Can you imagine living in Venezuela right now?
More importantly….. have you ever imagined living like that? Have you ever seriously stopped to think about the ramifications of an economic collapse? Your money is virtually worthless. Wide ranging power blackouts, almost no food, eating pets and whatever stray animals can be obtained. They are essentially in a grid down existence, the very type of which I write about here. Recent online articles featured dramatic headlines such as “Venezuelans Return To Middle ages”. I’ve always viewed the scenario of a power grid catastrophe as returning us to the 1800’s rather than a time of peasantry. Give or take a few hundred years, the dire meaning is the same.
For their city dwellers, it must be a living hell. But I wonder how the rural folk are doing? Not the bigger farm operations. They are surely suffering. But what of the common man families living on small plots in the Venezuelan countryside? If they were savvy enough to practice thorough self reliance skills, its possible that they are scratching out an existence. My guess is most were not. It’s so much easier to be seduced by the convenience of industry.
The U.S. has been down a similar road before with the Great Depression. While its not an apples to apples comparison, the first hand accounts you often hear is that the self sufficient farming families weathered it, for the most part, just fine. They had their milk cow, pigs, chickens and more. They also had the means to feed their animals without relying on the industrial system. It should also be noted what they DIDN’T have. Those in the Depression didn’t have a bloated bureaucracy over regulating their every move with fines, fees, red tape and permit requirements. Nor did they have to contend with the ridiculous levels of taxation and indifferent representation that we face today.
Along with the livestock of course, those hearty country folk grew gardens to provide for much of their food needs. They didn’t require elaborate watering systems. They didn’t depend on commercially sold bags of potting mixes or other products to amend their soil. They were not traveling to garden centers to purchase plants nurtured from seed by professionals months before transplanting. No, rural Americans of the Great Depression relied largely upon themselves, their knowledge and their skills. As Hank Williams Jr. so aptly sang “country boy can survive”!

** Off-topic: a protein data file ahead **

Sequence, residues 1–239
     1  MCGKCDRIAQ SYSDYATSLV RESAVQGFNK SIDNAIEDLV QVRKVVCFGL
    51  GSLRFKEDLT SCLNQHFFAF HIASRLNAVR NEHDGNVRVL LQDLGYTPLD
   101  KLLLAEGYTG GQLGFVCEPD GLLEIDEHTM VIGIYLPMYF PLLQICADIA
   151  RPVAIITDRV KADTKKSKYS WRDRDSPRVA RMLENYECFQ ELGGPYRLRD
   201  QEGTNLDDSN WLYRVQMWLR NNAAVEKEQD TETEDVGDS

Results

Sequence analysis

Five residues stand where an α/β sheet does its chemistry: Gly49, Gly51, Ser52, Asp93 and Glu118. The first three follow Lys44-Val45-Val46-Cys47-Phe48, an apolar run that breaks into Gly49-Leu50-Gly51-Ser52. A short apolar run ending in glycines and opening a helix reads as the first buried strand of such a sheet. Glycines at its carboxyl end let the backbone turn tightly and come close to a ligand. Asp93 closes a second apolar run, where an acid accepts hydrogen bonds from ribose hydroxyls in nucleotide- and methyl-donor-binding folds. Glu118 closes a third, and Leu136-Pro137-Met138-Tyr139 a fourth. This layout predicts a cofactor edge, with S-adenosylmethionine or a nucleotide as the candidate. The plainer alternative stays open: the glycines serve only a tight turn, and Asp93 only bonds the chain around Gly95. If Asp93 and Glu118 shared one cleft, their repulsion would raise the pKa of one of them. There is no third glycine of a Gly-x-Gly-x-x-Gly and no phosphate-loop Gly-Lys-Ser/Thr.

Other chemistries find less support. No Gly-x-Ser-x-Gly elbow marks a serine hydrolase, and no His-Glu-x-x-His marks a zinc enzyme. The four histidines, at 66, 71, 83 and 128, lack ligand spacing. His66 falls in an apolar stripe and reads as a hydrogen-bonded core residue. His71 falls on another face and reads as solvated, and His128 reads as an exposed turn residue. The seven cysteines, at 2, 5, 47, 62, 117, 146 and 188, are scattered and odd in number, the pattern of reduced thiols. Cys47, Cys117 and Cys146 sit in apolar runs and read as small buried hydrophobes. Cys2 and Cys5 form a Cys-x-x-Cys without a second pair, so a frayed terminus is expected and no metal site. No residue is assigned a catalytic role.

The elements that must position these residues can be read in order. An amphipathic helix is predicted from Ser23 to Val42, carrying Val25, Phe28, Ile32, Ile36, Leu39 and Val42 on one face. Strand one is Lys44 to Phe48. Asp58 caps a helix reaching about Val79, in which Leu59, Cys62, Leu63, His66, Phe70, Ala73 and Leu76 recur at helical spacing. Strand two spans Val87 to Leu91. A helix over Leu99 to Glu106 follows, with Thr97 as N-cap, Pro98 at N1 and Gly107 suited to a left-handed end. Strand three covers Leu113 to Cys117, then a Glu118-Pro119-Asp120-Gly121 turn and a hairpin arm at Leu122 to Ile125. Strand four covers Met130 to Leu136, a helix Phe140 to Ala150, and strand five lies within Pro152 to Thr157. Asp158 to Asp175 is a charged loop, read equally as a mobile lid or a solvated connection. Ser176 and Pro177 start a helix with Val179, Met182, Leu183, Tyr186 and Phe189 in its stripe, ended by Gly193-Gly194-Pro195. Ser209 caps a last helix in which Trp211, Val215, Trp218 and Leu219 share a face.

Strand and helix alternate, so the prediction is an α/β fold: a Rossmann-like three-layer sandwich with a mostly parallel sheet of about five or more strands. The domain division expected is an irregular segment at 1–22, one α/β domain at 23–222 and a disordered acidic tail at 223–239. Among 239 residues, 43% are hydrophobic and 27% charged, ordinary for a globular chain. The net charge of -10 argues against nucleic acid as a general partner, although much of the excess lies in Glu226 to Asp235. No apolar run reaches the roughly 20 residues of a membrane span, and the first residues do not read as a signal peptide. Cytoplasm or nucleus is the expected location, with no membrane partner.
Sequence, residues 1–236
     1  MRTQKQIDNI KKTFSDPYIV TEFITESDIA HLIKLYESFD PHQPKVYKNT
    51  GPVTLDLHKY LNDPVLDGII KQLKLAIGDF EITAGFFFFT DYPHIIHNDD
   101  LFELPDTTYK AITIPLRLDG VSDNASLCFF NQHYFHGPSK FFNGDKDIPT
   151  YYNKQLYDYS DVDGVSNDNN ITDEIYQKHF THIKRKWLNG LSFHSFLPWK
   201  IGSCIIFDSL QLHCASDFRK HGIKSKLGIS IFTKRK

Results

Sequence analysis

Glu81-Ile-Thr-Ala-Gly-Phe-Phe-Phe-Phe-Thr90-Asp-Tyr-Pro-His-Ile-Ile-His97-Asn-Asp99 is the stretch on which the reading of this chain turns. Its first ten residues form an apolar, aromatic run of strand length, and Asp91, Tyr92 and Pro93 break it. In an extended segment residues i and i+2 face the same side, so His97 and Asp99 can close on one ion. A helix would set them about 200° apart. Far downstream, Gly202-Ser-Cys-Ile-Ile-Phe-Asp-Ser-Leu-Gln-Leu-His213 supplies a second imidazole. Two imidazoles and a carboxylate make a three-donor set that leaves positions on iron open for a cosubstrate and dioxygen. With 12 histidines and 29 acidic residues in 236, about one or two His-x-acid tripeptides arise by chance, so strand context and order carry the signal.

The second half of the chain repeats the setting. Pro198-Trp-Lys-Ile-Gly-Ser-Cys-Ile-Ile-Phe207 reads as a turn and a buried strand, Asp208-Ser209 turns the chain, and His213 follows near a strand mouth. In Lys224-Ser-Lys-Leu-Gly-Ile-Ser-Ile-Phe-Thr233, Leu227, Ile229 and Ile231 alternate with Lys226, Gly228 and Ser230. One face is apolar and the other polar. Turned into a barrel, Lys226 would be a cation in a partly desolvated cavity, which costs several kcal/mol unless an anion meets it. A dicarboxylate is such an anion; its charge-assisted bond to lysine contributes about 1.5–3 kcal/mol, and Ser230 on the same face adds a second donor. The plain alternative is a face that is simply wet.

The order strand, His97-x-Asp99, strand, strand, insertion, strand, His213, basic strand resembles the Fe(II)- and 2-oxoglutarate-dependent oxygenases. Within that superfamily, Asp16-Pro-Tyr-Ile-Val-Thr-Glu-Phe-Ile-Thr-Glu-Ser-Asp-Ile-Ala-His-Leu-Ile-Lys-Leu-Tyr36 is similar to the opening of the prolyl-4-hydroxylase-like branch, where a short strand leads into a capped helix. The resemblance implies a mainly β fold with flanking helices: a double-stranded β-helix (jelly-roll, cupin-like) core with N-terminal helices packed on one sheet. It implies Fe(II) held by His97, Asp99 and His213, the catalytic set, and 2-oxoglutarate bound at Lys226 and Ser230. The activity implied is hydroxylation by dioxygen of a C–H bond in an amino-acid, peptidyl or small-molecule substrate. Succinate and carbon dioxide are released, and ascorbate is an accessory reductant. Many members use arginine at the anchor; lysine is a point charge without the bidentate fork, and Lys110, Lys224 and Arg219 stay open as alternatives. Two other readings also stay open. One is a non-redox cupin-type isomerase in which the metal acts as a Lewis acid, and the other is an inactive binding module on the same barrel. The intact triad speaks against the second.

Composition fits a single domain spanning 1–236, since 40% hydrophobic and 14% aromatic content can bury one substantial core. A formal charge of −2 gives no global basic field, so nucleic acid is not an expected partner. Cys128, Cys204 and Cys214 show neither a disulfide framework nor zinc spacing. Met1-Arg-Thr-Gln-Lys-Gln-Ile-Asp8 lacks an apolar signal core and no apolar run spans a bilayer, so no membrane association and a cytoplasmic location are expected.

As the images of the Venezuelan plight continue to stream into our news feeds, I’m reminded of why I practice survival gardening the way I do. It is my contention that if I can successfully grow food now as if the grid were down, I should be able to just as well after most of the calamities that could occur.
It is easy to slip into conventional trappings though. As with most growers, I’m prone to garden envy. When I drive by a lush plot in the summer while mine is still developing, I think “what am I doing wrong?”. Its entirely possible that they are far superior growers than I am. I feel no shame in admitting that I still have a lot to learn.
Prepper gardening is survival gardening. That means mastering the skills needed to grow food without the crutches of industry. The best simulation in my opinion is the pretense of an attack on the power grid.
Then I remind myself that that garden is likely pumped full of Miracle Grow, chemical pesticides, and / or lots of other commercially dependent products. It’s also probably irrigated from city utility water, or an electric well tied to the power grid. When the tomato plants are twice the size of mine, its quite likely someone other than the garden owner grew them from seed.